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Diagnosis

 
Diagnosis

Chapter: 4 - Diagnosis

Subchapter: 1 - Causes of Breast Cancer

Causes of Breast Cancer

- What if it’s cancer?
- What caused it?
- What should I do now?
- How is breast cancer treated?
- How long will treatment take?
- What will it be like?
- Will I be okay?
- What about my family?

When a lump or suspicious site in your breast is detected, it raises some serious questions. In this chapter, we are going to do our best to answer them. We will discuss what doctors know and do not know, how to react to your diagnosis as well as how to understand it, and how to move beyond the shock.

Risk Factors
So what do scientists actually know about the causes of cancer? It’s a difficult question. Cancer grows when a cell’s DNA is damaged, which we discussed in Chapter 3, but why or how that DNA becomes damaged is still unknown. It could be genetic or environmental, or in most cases a combination of the two. But most patients will never know exactly what caused their cancer.

However, there are certain established risk factors that are associated with breast cancer:

- A family history with breast cancer
- Early menstruation (before age 12)
- Late menopause (after 55)
- Breast tissue that is more dense with lobular and ductal tissue relative to fatty tissue
- Noncancerous cell abnormalities

These factors are genetic, they are not something you can control.

60-70% of people with breast cancer have no connection to them at all, and other people with risk factors will never develop cancer.

Related Questions

  • VIVIANE GRANT Profile

    I was diagnosed with triple negative invasive carcinoma,had lumpectomy, 6 chemo treatments and 33 radiation treatments. How much higher is the risk for me to get this cancer to come back

    Asked by anonymous

    Learning About Breast Cancer
    over 6 years 1 answer
    • Sharon Danielson Profile
      anonymous
      Survivor since 2007

      Vivian's, there are boatloads of statistics out there but no one can really predict the future. According to statistics, I should never have got breast cancer....here I am six years down the road from treatment. My oncologist told me to live my life to the fullest and leave the worrying about...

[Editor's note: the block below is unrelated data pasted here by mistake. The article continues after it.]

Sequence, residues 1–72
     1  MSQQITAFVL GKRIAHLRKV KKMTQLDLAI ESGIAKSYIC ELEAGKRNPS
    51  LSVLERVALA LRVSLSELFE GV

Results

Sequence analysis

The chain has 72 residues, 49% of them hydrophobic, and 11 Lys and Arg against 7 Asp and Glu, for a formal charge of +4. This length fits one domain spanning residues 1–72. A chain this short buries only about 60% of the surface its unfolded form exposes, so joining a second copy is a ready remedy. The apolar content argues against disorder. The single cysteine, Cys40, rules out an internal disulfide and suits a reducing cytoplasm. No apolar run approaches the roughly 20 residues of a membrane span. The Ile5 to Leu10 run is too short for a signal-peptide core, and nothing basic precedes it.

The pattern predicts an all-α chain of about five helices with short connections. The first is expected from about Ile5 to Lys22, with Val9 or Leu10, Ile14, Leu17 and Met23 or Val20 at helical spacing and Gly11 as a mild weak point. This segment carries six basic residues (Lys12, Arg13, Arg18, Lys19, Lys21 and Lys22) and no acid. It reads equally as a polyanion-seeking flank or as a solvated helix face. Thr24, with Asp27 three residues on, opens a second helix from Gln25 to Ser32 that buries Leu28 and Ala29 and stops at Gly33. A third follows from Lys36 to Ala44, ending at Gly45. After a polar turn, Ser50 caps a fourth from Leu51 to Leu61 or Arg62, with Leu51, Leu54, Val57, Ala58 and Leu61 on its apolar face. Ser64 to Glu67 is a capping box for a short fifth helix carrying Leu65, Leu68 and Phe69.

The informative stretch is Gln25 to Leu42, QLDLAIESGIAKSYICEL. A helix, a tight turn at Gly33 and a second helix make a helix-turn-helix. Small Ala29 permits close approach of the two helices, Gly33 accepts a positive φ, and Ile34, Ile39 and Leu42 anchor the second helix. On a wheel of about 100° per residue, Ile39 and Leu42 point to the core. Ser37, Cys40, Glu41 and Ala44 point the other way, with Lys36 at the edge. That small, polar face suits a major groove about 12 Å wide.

more

      Vivian's, there are boatloads of statistics out there but no one can really predict the future. According to statistics, I should never have got breast cancer....here I am six years down the road from treatment. My oncologist told me to live my life to the fullest and leave the worrying about my health to him. I follow up on my check ups, now, every six months. It is difficult at this point for you to not be overly focused on this lousy disease. The further away from treatment, you are able to not worry about it as much. Worrying about it coming back won't make it stay away....it will just cause stress in your life. Even if you do have a reoccurrence, that doesn't mean that's the end of the road. We have many women who have reoccurrence's and are treated. Love the life you have, make every day count, try not to put a dark cloud on those days. Blessings to you. Take care, Sharon

      1 comment
  • Cindy Jones Profile

    I had stage 2 breast cancer two years ago and had a lumpectomy and 27 radiation treatments followed by five years of arimidex. Just received news of another suspicious lump. I'm so scared to go through this again. Please pray with me 😢